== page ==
PIA22749: NASA's AIRS captures Hurricane Michael off Florida coast
 Target Name:  Earth
 Is a satellite of:  Sol (our sun)
 Mission:  Aqua
 Spacecraft:  Aqua
 Instrument:  AIRS
 Product Size:  900 x 695 pixels (w x h)
 Produced By:  JPL
 Full-Res TIFF:  PIA22749.tif (747.2 kB)
 Full-Res JPEG:  PIA22749.jpg (123.4 kB)

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Original Caption Released with Image:

This image from the Atmospheric Infrared Sounder (AIRS) shows the temperature of clouds or the surface in and around Hurricane Michael as it approaches northwestern Florida around 3 AM local time on Tuesday, October 10, 2018. The storm shows all the hallmarks of a powerful, mature hurricane. The large purple area indicates very cold clouds at about -90 F (-68 C) carried high into the atmosphere by deep thunderstorms. These storm clouds are associated with very heavy rainfall. At the center of the cold clouds is the distinct, much warmer eye of the hurricane seen in green. The extensive areas of red away from the storm indicate temperatures of around 60 F (15 C), typical of the surface of the Earth at night. These red areas are mostly cloud-free, with the clear air caused by air motion outward from the cold clouds near the storm center then downward in the surrounding areas. Michael has developed quickly into a dangerous Category 4 storm, with sustained wind of 150 miles per hour. It is currently coming ashore on the Florida Panhandle as the strongest hurricane in that region in recorded history.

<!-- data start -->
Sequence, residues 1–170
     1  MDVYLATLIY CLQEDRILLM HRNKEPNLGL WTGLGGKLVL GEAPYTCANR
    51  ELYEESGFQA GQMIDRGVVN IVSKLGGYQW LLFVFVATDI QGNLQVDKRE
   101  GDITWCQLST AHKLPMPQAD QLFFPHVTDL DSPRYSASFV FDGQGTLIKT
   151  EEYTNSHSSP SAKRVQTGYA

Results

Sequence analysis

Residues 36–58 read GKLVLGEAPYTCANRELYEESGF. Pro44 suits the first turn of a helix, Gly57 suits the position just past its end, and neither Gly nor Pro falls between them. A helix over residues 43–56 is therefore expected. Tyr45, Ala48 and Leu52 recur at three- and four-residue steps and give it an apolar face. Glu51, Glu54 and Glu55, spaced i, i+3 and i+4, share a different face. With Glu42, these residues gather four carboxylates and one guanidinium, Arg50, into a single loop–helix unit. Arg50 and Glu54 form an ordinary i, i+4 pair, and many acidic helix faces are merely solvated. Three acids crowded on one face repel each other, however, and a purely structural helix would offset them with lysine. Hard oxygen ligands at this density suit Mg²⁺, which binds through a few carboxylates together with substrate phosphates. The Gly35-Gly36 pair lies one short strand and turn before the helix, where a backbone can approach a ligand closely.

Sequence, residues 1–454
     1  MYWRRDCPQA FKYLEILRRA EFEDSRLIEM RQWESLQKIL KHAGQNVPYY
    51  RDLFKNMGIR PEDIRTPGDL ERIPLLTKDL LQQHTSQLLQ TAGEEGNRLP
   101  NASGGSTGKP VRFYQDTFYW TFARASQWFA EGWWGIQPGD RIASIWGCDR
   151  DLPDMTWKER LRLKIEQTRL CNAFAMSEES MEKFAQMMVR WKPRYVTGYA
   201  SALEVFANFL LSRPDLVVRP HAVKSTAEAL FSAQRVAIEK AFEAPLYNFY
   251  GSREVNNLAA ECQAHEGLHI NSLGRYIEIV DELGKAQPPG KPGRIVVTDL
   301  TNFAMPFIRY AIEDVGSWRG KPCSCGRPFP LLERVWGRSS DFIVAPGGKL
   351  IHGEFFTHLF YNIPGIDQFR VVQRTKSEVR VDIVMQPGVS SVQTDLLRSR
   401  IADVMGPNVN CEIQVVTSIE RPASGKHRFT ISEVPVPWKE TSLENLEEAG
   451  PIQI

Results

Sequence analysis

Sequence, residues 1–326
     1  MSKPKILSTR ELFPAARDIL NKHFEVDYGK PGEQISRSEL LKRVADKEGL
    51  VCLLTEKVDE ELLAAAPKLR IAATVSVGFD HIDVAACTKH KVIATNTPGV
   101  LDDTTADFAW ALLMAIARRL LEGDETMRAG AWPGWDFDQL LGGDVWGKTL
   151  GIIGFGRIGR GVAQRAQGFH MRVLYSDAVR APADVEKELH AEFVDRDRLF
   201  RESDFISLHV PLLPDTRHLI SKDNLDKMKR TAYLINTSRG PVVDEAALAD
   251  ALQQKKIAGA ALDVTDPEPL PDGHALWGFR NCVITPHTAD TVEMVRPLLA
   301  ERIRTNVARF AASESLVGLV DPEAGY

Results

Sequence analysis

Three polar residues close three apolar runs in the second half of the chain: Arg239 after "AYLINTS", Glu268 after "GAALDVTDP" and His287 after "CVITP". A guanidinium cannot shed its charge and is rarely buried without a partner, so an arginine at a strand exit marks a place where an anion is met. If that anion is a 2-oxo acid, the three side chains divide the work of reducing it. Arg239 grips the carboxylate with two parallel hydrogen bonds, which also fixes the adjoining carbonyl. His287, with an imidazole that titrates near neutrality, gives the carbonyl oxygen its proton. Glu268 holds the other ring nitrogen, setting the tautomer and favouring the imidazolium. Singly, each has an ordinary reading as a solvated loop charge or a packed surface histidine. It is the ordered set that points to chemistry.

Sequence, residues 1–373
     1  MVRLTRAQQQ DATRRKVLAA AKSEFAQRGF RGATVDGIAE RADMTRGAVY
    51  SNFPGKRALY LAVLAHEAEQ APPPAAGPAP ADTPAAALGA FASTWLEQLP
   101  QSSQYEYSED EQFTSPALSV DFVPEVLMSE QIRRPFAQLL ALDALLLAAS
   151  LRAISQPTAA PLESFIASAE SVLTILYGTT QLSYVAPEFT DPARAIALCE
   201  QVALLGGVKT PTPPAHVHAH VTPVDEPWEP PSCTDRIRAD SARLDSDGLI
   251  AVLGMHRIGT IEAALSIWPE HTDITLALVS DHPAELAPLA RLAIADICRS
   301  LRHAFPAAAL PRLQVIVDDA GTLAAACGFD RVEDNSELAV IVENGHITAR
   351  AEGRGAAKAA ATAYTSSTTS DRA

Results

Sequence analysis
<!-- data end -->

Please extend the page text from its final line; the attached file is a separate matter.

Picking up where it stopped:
AIRS, in conjunction with the Advanced Microwave Sounding Unit, AMSU, senses emitted infrared and microwave radiation from Earth to provide a three-dimensional look at Earth's weather and climate. Working in tandem, the two instruments make simultaneous observations down to Earth's surface, even in the presence of heavy clouds. With more than 2,000 channels sensing different regions of the atmosphere, the system creates a global, three-dimensional map of atmospheric temperature and humidity, cloud amounts and heights, greenhouse gas concentrations, and many other atmospheric phenomena. Launched into Earth orbit in 2002, the AIRS and AMSU instruments fly onboard NASA's Aqua spacecraft and are managed by NASA's Jet Propulsion Laboratory in Pasadena, California, under contract to NASA. JPL is a division of the California Institute of Technology in Pasadena.

More information about AIRS can be found at https://airs.jpl.nasa.gov.

Image Credit:
NASA/JPL-Caltech

Image Addition Date:
2018-10-10